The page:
Osco is a producer and distributor of marine engines, manifolds, risers, and accessory parts. Osco is a wholly-owned subsidiary of EDI, which sells multiple brands of marine engine components into the marine market. Seastar is a manufacturer and distributor of marine control systems, engine and drive components and other product for the original equipment manufacturing and after marine market. The products sold by Seastar include manifolds produced by Osco. HIG is a private equity and venture capital investment firm, as well as Seastar's partner and equity sponsor. Gong Luen is a foundry that manufactures and produces metal castings used to mold various products, including marine engines, manifolds, and risers. QM Taiwan is a broker that arranges the sale and shipment of goods manufactured by Gong Luen. Mark Ebbenga is the President of Quality Mark ("QM"), a partner of Gong Luen and QM Taiwan, and he is the owner and principal or alter-ego of QM Taiwan.
B. Factual Background
On January 1, 2011, Osco and EDI entered into a Manufacturing Agreement with QM, where QM would produce manifolds for plaintiffs on an exclusive basis. According to the Manufacturing Agreement, QM was not permitted to manufacture or sell Osco products to any entity other than plaintiffs. The parties at all times intended for the Manufacturing Agreement to be a valid agreement between Osco and/or EDI and QM and according to its terms, QM and Ebbenga utilized Gong Luen and QM Taiwan to manufacture and ship Osco products to plaintiffs. Additionally, the Manufacturing Agreement specified that if Osco was sold during the life of the agreement, the Manufacturing Agreement would automatically renew under the same terms and conditions with the company that purchased Osco. The Manufacturing Agreement further required all disputes relating to its terms be resolved by mediation or arbitration in Minneapolis, Minnesota.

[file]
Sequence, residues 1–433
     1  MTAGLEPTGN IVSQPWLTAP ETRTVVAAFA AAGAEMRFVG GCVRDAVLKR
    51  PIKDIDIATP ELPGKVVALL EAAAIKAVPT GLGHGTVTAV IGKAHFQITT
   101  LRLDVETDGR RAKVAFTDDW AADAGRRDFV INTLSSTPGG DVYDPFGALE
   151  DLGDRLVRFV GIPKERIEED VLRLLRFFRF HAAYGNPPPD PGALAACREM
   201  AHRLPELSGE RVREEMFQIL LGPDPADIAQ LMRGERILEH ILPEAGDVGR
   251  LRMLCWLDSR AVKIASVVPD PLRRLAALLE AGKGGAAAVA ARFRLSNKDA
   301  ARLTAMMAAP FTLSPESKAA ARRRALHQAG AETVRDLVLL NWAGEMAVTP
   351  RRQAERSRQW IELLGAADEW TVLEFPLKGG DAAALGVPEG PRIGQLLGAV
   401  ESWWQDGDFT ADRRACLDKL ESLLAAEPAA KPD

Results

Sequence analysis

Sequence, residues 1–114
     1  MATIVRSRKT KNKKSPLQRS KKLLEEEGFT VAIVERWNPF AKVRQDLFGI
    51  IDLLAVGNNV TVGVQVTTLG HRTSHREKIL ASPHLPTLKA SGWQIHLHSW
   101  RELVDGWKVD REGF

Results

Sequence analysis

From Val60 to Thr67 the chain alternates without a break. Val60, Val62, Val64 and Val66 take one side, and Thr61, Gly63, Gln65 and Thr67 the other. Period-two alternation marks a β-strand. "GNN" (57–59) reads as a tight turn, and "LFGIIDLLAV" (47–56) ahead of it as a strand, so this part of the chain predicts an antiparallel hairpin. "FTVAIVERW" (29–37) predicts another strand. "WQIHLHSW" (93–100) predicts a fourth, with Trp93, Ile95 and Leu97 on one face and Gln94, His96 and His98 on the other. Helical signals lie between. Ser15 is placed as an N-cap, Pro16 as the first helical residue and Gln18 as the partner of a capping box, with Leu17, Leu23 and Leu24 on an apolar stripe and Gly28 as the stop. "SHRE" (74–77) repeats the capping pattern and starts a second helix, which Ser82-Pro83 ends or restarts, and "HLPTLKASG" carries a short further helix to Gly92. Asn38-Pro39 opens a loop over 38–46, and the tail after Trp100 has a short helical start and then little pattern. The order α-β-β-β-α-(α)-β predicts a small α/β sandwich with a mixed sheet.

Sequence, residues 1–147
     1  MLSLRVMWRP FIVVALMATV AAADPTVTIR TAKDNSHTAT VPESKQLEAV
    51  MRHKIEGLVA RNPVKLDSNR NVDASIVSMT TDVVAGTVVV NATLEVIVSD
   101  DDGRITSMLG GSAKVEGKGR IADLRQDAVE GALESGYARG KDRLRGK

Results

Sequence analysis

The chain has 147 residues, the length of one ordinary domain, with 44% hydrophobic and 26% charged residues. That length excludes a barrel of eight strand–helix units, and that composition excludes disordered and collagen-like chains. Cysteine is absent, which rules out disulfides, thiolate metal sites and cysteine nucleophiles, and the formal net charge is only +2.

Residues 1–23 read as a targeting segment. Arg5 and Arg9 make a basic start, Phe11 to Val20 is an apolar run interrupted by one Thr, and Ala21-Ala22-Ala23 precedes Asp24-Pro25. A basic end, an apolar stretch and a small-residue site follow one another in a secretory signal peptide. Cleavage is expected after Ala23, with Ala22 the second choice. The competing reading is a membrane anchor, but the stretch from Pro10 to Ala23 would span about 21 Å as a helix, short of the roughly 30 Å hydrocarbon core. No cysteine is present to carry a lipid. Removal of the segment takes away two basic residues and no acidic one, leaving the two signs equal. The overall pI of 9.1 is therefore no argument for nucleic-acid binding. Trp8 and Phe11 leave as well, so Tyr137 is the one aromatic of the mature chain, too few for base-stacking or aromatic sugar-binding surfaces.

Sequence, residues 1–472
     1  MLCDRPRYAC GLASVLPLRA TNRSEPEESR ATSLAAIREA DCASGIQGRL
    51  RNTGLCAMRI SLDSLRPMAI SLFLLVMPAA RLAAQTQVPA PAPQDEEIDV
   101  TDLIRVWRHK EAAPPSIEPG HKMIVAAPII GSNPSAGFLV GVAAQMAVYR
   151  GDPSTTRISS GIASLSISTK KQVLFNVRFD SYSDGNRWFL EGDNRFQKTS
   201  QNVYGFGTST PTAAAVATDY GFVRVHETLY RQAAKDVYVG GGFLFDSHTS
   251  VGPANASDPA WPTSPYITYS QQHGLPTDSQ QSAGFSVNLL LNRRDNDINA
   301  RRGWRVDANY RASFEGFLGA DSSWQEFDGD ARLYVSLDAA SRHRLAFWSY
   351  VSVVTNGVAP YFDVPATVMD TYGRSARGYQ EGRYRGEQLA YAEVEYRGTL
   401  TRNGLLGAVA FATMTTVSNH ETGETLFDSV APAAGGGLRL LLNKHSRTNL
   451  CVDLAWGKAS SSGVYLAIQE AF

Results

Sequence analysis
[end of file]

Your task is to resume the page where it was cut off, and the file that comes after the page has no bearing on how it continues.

In early 2011, defendants began an investigation regarding the possible purchase of Osco and entered into a Confidentiality Agreement with plaintiffs on July 25, 2011. The Confidentiality Agreement is a form letter utilized by defendants in contemplation of purchasing companies and it referenced a "possible collaboration" between HIG and plaintiffs. During the same time period, defendants and QM entered into a Confidentiality Agreement using a form letter similar to the Confidentiality Agreement between defendants and plaintiffs. The Confidentiality Agreement between QM and the defendants also contained a clause that all disputes between them would be resolved in Delaware.
On or about September 11, 2012, plaintiffs and defendants executed a Letter of Intent,  whereby plaintiffs agreed not to solicit or negotiate any other potential agreements regarding the sale of Osco with any other companies, while defendants agreed to conduct timely due diligence. The Letter of Intent provided the content of the negotiations regarding defendants' potential acquisition would not be disclosed to any third parties, and the terms of the Confidentiality Agreement were incorporated within it.